The U.S. Environmental Protection Agency’s (EPA) Gulf of Mexico Program recently announced that the St. Tammany Parish, La., government received a...
Beneath the streets of Macon and Bibb County lies a complex system of sewer pipes that conducts one of the most important services offered in the community – the transport of waste away from the city. Those pipes and the people that maintain them are rarely seen, but their work was recently awarded one of the highest accolades in the industry. The Georgia Association of Water Professionals (GAWP) named the sewer collection system of the Macon Water Authority (MWA) the “Wastewater Collection System of the Year” for 2005.
The MWA’s sewer collection system encompasses a 250-sq mi service area that includes over 935 mi of pipe, 52 pumping stations and two plants. Wastewater traveling through the MWA sewer collection system gravity flows or is pumped to either the Lower Poplar Street or Rocky Creek Water Reclamation Facilities. Together, these two plants have a treatment capacity reaching 42 mgd.
The GAWP award was given to the MWA in the medium sized system category for utilities serving between 10,000 and 50,000 customers. Currently, the MWA services roughly 46,000 sewer customer accounts.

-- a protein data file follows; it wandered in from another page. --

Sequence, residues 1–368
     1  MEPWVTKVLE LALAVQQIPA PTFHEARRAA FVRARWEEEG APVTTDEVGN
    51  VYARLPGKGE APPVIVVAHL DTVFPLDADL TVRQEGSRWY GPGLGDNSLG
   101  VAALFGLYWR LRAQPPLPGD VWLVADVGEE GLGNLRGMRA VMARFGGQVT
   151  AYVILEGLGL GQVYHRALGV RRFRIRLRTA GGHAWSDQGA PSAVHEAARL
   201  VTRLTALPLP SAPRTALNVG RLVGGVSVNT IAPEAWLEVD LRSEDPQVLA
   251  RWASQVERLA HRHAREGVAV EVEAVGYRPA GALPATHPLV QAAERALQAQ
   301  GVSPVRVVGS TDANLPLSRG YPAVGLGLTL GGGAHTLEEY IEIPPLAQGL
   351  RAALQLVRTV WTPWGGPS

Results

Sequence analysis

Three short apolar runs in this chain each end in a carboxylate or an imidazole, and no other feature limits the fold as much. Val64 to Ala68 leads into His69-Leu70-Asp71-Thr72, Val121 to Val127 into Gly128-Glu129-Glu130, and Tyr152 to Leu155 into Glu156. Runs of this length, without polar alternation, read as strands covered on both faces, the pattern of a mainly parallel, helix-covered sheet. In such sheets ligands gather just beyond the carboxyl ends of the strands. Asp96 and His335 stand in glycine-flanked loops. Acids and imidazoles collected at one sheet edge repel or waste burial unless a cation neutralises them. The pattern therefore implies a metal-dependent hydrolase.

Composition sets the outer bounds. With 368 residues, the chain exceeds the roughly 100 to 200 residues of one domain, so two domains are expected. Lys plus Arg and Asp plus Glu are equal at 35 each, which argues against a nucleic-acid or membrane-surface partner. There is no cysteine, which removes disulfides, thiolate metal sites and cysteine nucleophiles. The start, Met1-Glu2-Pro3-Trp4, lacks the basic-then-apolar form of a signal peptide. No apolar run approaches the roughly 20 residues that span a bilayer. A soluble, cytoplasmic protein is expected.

The MWA has conducted many major capital projects on the sewer system in recent months, including relining manholes and sewer mains throughout its system. Older mains made out of concrete and clay pipe have deteriorated over time and have allowed root intrusion and water infiltration into the system. These relining projects involve procedures to install new pipe liners inside of the old existing pipes.
Another highlight of the MWA sewer collection system is its Capacity, Management, Operation and Maintenance (CMOM) program. The CMOM program was developed to optimize the collection department activities, as well as to provide an understanding of the MWA’s sewer system’s capabilities. As part of this program, the MWA utilizes Geographic Information Systems (GIS) technology to monitor and streamline its daily operation and maintenance, as well as mapping and rehabilitation projects.
“We are proud to recognize municipal programs that exemplify sound infrastructure management and provide outstanding water resource protection,” said Jack Dozier, GAWP executive director. “The Collection System of the Year award is presented to the best programs in the state and is the highest recognition offered by our Association.”
The MWA Sewer Conveyance Department consists of 30 full-time employees supported by Engineering, Plant Operations and Customer Service. In an effort to continue to further educate its staff, the MWA conducts weekly safety and CMOM classes to prepare its employees for certification exams and performance incentives. The positive results of these programs have led to a dramatic decrease of over 50% fewer sanitary sewer spills in 2005, when compared to 2004.
“The sewer collection department here at the MWA is made up of some of the most dedicated and well-trained individuals in the industry,” says Frank C. Amerson, Jr., chairman of the MWA board of directors. “They do a job vital to the health of this community out of the public eye, and that is why I am so excited to see them honored by their peers in the industry.”